When it comes to road trips the harder you prepare, the easier it becomes. The more meticulous you are in laying out your plans, the more enjoyable the trip is likely to become. There are about twenty things to have or keep in mind before launching out.
1. Research the route. It pays to know where you are going, how long it is, and what kind of roads will get you there. The only way you can get this information is to go to the relevant sites online and get a proper trip guide maps.
2. Hire/Get a car. If you have your own car then its fine, if not then you will need to hire a car. In the event that you hire one, as much as possible avoid one-way fees as they are too costly. Get a circular charge. Lastly make sure the car is in good condition.
4. Get travel insurance. There are lots of companies that offer a number of excellent travel insurance packages at very affordable costs. You don’t want to be out there, hundreds of miles from home with the risk of not having a travel insurance.
4. Reserve hotels. From TripAdvisor to Booking.com there are lots of sites through which you can review hotels, compare prices and book your accommodation. Never assume that you will simply find a hotel or guest house wherever you are going.
5. Check the season. If you are travelling to a winter region, make sure that your car is well suited for the wintry conditions. Also lots of parks, and reserves close and open in particular months of the year. So make sure you confirm their status before leaving home.
6. Plan Loose time. When planning for the road trip, you have to nail down your itinerary. Make sure it is as tight as possible. After that add a few hours or days into it, to account for delays and unexpected twists and turns. Create time for exploration and a few detours.
7. Keep your local SIM card. You can negotiate with your local telcos firm to place a hold on your line and unlock the handset to avoid amassing huge phone bills by the time you come back. Then choose an alternative travel SIM card for the trip if you are going out of state or region.
8. Get a map. Relying on navigational apps is okay. However, you will need a physical map for areas where the cell traffic is weak or the accuracy is questionable. You can print the online map or buy one from online retailers like Amazon.com or eBay.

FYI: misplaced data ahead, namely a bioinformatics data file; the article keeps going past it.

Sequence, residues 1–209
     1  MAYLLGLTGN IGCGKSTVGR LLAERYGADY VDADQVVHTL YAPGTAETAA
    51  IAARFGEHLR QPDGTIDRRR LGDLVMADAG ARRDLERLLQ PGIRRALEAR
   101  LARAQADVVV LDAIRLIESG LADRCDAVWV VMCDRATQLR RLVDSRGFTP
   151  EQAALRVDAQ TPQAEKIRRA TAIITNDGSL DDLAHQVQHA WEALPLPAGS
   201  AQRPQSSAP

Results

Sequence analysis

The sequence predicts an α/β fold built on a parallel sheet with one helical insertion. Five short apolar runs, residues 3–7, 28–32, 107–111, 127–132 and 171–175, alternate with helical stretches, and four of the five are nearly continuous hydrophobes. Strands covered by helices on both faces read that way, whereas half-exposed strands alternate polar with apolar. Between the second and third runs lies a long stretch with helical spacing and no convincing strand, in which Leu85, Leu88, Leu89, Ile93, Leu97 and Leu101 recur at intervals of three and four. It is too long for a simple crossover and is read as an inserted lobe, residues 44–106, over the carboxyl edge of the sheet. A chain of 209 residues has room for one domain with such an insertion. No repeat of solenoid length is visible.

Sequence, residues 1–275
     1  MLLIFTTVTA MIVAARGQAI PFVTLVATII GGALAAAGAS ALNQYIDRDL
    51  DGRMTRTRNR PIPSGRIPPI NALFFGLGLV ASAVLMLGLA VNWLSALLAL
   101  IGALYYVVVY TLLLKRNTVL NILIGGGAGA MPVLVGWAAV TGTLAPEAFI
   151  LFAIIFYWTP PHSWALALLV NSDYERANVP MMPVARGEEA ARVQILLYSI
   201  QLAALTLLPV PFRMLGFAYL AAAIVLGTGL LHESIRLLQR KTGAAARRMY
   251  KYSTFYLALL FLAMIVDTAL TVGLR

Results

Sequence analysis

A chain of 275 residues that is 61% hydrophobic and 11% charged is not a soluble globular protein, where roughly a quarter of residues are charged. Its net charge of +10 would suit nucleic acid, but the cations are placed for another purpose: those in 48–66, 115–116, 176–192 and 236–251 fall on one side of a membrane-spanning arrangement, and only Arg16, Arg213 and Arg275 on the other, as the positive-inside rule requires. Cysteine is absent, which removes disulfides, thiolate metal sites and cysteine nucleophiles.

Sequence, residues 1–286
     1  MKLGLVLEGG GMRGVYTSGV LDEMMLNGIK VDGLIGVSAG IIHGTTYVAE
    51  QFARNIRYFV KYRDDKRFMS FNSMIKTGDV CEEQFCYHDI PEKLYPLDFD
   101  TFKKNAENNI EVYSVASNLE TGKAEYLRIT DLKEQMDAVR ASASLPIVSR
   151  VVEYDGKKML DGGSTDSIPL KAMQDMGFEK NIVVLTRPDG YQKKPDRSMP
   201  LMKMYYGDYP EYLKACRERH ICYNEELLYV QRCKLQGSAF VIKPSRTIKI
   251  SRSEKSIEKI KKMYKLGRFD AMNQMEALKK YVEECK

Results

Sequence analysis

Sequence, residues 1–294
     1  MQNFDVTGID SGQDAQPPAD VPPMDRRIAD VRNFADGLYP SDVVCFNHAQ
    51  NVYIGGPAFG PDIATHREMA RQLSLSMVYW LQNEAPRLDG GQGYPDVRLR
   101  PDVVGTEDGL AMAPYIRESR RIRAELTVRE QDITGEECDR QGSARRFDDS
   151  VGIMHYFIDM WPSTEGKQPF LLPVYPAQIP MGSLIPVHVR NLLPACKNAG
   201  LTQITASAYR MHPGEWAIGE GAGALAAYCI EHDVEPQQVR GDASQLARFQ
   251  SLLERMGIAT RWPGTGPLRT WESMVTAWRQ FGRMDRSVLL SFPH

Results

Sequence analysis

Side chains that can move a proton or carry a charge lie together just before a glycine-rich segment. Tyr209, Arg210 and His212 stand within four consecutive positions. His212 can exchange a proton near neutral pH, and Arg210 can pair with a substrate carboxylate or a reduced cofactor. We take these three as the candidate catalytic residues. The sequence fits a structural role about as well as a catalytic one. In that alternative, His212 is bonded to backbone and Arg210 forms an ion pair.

9. Get a visa. You can apply for most visas from a country’s immigration sites or their customs offices. Avoid the third party sites which charge three or four times the amounts charged at the government sites. Make sure you adhere to the rules that govern the visa including time and permitted areas of travel.
10. Have Your driver’s license. Ensure that you have a valid license and if possible get for yourself an international license. An international license comes in handy when you need to cross international or regional borders. It is better to be safe than sorry when it comes to regulations.
II. Inform Your Next of Kin. When you leave home, leave behind a copy of your itinerary to a loved one. Tell them at what points you will call and when you expect to be back. Inform them to call you or call law enforcers in case you aren’t in touch within a set period.
12. Report to the local authorities. When you arrive at a local region, pass by the law enforcement office or immigrations or any relevant authority and acquaint yourself. Let them know you are in the area and how long you intend to stay. It could come in handy in case a crisis ensues.
13. Check the regions dos and don’ts. Some areas have strict dress codes. Some don’t allow pets. In some regions, the visitors are restricted on where they can and can’t go. Ask around before you venture out into the streets.
14. Have extra cash. Carry your credit cards, but also have some ready cash with you. Cards get stolen or lost, or they may jam and sometimes they carry the risk of fraud. Have some pocket money in c